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ssherie_

Active member
I always thought that Hades was the god of death...does anyone know the difference between these two? I'm not too well versed on Greek mythology.

thanatos.jpg
 
I think Hades is the god of the underworld
 
Hades is the god of the underworld and Thanatos is the god of death. Here's an article about Thanatos - https://www.greekboston.com/culture/mythology/thanatos/ - Greece's ancient history is long, and there are several levels of gods and goddesses. Many of them are from earlier times in Greece. I think Thanatos might be one of the earlier ones.
 

Janus - God of Beginnings

I learned recently of Janus, the Roman God of Beginnings. The month January, I believe, is named after this God.

Many of the Roman Gods and Goddesses have Greek counterparts. Does Janus?

If so, I think that would be an interesting god to learn about. I have to be honest - I am not sure there is a counterpart. I have been searching but there either isn't enough information online, or there really is no equivalent.

Do you guys have any idea?

Hestia Greek Goddess Information

We don't talk about Hestia much... but I just remembered that my yiayia did! I wondered why, so I researched her. Here is what I found... I think it has something to do with the fact that she was a housewife and she loved her family.. Looking at what she represents, it kind of makes sense. Here's what I found about her:

The Greek goddess Hestia was revered as the goddess of the hearth and home. In ancient Greek mythology, she was known to be a benevolent deity, who brought warmth and comfort to the home. Through her presence, she blessed the family and provided them with a sense of safety and security.

Hestia was the first-born child of Cronus and Rhea, and she was the sister of other Olympian gods such as Zeus, Poseidon, and Hades. Unlike her brothers and sisters, she did not engage in any power struggles or battles. She preferred to remain neutral and instead focused her attention on her household duties. Hestia was considered one of the most important deities, as the hearth represented the heart of the home. People would light a fire in her honor and worship her by placing offerings of food and drink on their hearth.

In ancient Greek culture, a hearth was often considered the most important part of the home. It was where food was cooked, and family members gathered to eat, share stories, and bond. Hestia's role in domestic life was crucial, and she was responsible for creating the warmth and sense of security felt within the home. Her presence was believed to bring good luck and happiness to the family.

List of fun Greek mythology topics

I really love Greek Mythology. I thought I would share with you all some of my favorite topics:

  1. Birth of the Olympians and how they came to power
  2. Different heroes of Greek mythology
  3. 12 Labors of Hercules
  4. Trojan War
  5. Iliad and the Odyssey and all the stories in them
  6. The story of Persephone
  7. Pandora's box
  8. Different creatures - like the Minotaur and Hydra
What are yours?

Aphrodite - Greek Goddess of Love

Ahead of Valentine's Day, I thought I'd share some things that I thought were interesting about Aphrodite, the Greek Goddess of love:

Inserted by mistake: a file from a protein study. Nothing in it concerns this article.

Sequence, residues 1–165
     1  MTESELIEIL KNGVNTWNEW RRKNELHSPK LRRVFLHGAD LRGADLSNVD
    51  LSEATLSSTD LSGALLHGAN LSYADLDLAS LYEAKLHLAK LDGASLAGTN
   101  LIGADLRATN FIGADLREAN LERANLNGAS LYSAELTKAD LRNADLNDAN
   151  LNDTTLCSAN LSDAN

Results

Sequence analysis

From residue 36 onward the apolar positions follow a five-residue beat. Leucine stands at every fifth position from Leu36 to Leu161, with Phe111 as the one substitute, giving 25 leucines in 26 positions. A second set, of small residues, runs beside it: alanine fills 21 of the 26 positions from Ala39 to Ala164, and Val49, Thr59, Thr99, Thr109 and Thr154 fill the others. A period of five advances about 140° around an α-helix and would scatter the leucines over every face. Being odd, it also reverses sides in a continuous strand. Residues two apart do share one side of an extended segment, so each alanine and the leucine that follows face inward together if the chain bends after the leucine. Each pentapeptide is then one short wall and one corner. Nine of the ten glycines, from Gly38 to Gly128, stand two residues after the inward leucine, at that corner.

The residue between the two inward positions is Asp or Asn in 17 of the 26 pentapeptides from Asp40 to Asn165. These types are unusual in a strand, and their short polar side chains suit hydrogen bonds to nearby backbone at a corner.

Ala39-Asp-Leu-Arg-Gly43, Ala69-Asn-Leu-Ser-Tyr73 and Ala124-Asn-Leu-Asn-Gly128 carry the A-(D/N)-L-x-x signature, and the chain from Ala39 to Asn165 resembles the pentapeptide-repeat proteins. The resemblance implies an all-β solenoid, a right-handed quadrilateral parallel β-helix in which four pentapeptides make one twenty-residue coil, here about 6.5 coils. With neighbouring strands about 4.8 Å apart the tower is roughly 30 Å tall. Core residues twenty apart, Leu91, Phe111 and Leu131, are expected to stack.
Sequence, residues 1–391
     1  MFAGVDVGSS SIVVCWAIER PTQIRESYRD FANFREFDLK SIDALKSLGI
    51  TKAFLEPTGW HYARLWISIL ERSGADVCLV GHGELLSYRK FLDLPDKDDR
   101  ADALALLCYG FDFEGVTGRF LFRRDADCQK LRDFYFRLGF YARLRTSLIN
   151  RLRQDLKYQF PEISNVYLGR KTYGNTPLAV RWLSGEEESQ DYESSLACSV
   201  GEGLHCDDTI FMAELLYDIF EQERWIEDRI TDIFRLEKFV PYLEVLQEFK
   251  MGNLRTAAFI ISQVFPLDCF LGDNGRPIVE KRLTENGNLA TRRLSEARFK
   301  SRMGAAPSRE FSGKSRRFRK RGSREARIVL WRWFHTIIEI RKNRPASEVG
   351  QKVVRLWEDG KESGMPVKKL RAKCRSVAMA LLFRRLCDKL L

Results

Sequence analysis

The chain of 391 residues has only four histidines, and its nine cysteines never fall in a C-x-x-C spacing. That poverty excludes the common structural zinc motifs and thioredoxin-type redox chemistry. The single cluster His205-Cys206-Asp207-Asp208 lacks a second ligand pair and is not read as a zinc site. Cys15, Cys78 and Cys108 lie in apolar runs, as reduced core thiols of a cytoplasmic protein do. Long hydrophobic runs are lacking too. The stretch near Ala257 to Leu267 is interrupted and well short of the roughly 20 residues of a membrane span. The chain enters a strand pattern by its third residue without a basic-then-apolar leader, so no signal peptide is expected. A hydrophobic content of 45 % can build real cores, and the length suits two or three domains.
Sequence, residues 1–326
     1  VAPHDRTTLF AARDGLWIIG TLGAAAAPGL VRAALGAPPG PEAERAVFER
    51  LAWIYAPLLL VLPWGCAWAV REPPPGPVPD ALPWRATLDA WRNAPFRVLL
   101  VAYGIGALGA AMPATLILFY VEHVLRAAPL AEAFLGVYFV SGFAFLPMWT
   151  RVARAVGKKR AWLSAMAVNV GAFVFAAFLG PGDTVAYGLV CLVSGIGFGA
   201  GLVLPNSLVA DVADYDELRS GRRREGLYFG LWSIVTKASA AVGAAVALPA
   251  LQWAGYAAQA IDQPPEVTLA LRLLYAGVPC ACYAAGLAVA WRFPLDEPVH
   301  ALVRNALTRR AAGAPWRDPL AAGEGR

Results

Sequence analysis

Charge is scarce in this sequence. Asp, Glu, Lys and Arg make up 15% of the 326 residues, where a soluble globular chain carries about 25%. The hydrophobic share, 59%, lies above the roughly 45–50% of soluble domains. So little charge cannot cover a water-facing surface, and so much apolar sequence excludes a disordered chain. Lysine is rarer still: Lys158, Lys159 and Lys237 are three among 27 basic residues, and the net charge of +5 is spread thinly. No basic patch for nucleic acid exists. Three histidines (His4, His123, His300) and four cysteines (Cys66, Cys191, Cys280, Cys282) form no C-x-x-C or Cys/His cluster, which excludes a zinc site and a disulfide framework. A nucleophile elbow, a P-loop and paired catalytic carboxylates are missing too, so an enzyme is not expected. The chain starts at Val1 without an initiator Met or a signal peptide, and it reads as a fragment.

1. Aphrodite Was Born from Sea Foam.
In Greek mythology, it's said that Aphrodite was born from the sea foam that formed when Cronus cut off Uranus's genitals and threw them into the ocean. As the spirit of desire and physical attraction, Aphrodite's birth story reflects the power of nature and the irresistible force of passion.

2. She Was Married to Hephaestus.
Despite her reputation as the goddess of love and beauty, Aphrodite had a less-than-romantic marriage with Hephaestus, the god of blacksmiths and volcanoes. Hephaestus was unattractive and had a limp, and Aphrodite had several affairs with other gods and mortals. To me, this seem like an unlikely match.

3. She Possessed a Magic Girdle.
To make herself even more desirable and seductive, Aphrodite had a magic girdle that could make anyone fall in love with her. It's said that she used this girdle to win the hearts of both gods and mortals and cause conflicts and jealousy among them.

4. She Had Children with Several Gods and Mortals.
Aphrodite was famous for her many love affairs, and she had children with several gods and mortals. Her most famous son was Eros, the god of love and passion, who was sometimes depicted as her lover as well.

5. She Was Worshiped throughout Ancient Greece.
As the goddess of love and beauty, Aphrodite was a popular deity throughout ancient Greece and was worshiped in many cities and temples. She was also associated with fertility, sexuality, and even war, as seen in her role as a protector of soldiers and sailor.

6. Her Symbols Included Doves, Roses, and Mirrors.
Like most deities, Aphrodite had several symbols that represented her qualities and powers. Her most common symbols were doves, roses, and mirrors, which reflected her beauty, love, and vanity.

Afterlife Beliefs in Greek Mythology?

What did Ancient Greeks believe about the afterlife? I've heard a few different stories... I'm particularly drawn to Ancient Greece's take on life after death.

Was there a uniform belief system, or did it vary significantly among different cities or periods? How did their beliefs influence their daily life and practices? I'm also curious about the role of mythological figures like Hades and the concept of Elysium.

If anyone has any expertise, recommended readings, or can point me to resources where I might be able to gather detailed insights into these spiritual aspects of Ancient Greek culture, I would greatly appreciate it.
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